Client
ORLEN Lietuva (formerly Mazeikiu Nafta)
Location
Butinge, Lithuania

Butinge Oil Terminal

The NAFTA project in Lithuania consists of two job sites: Butinge Oil Terminal and Mazeikiai Refinery Pump Station. The Butinge Oil Terminal Project provides export and import facilities to handle crude oil for the required six to eight million tons per day capabilities. Mazeikiai Refinery will include pipeline pumps, as well as a crude pipeline refinery bypass to transport crude oil through the onshore pipeline to the storage tanks at the Butinge Oil Terminal. This is the first major petroleum project investment in Lithuania after the country became an independent republic.

Fluor was the managing contractor and conducted studies for the project, performed preliminary engineering and prepared a cost estimate and a lump sum, turn-key bid package of $300 million.

Fluor then carried out detailed engineering, procurement, construction management and commissioning for the offshore single-point mooring and pipeline, an onshore terminal and pipelines and pump stations.


Client's Challenge

The Mazeikiai NAFTA facilities at Butinge, Lithuania, handle an annual throughput of eight million tons of crude oil in the exporting mode and five to six million tons in the import mode. Facilities include a 36-inch, 7.5 km offshore pipeline; 22-inch pipeline to oil tankage; three 50,000-cubic-meter oil tanks; pump stations; and a single-point mooring terminal.

The crude oil single-point mooring catenary anchor leg mooring facility was designed to accommodate tankers of up to 80,000 metric tons dead weight. It is connected to shore by means of a 36-inch-diameter, 7.5-km-long submarine pipeline.

Onshore terminal storage facilities contain three 50,000-cubic-meter floating roof tanks for crude oil, as well as fixed roof tanks for storing diesel fuel and slop oil. The facilities also include a pump for loading tankers and for transferring product between the Butinge terminal and the Mazeikiai Refinery some 91.5 kilometers (57 miles) away.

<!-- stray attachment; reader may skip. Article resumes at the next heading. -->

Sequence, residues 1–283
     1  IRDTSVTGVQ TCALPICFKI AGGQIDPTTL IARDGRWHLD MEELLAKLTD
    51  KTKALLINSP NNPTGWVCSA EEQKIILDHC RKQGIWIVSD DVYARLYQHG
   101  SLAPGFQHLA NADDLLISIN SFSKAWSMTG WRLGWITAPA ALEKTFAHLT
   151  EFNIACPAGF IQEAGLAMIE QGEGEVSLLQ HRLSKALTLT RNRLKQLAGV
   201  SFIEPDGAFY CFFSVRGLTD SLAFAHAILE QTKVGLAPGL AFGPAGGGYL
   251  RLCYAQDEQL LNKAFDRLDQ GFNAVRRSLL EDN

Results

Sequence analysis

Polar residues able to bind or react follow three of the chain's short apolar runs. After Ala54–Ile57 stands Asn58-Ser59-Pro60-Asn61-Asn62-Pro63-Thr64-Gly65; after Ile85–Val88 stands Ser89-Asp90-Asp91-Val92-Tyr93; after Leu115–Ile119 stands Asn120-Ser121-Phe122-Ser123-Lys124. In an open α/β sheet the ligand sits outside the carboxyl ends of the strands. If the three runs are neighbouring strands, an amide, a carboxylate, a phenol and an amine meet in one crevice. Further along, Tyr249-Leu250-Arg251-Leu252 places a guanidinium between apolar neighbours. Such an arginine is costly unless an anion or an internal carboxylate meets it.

A 22-inch crude oil pipeline transports crude between the refinery itself and the tank storage facilities nearby. A pump station allows crude transfer to the terminal.

---insert_gallery---

Fluor's Solution

Fluor conducted studies for the project, performed preliminary engineering, and prepared a cost estimate and a lump sum, turn-key bid package of $300 million. Fluor then carried out detailed engineering, procurement, construction management and commissioning for the offshore single-point mooring and pipeline, as well as an onshore terminal, and pipelines and pump stations. The single-point mooring, off the port of Klaipeda, had an offloading capacity of up to 4,932 cubic meters per hour.

Fluor's work scope also included SCADA (supervisory control and pipeline data acquisition system), crude oil shipping pumps, the onshore pipeline, a storage tank for “early oil scheme” piping directly to booster pumps, the 22-inch onshore pipeline linking the Mazeikiai Refinery to the Butinge Terminal, a 110 KV power line from Sventoji substation to the terminal's 110 KV substation, three 50,000-cubic-meter floating-roof tanks for crude oil, fixed-roof tanks for storage of diesel fuel and slop oil, a wastewater treatment plant and three terminal substations.

The engineering, procurement and construction management portion of the project began in July 1995. Construction required that some foundations be kept under steam to defrost the ground.

To meet the expedited construction schedule requirements, the project team chartered the world's largest cargo plane, the Antonov AN-124, to bring in all the needed equipment and supplies.

The project was completed ahead of schedule in July 1999.


Conclusion

The project, on 1,239 hectares (3,062 acres) of land, encompassed the refinery, the single-point mooring (floating buoy) terminal that was the first in the Baltic Sea, tanks, pipelines, power substations, crude oil shipping pumps and a wastewater treatment plant. A pipeline also connected to the Duzbai pipeline from Russia by means of a refinery bypass line.

Fluor and its contractors (one international contractor, and remaining contractors from within Lithuania) completed the project under budget, while reaching 2.5 million safe work hours.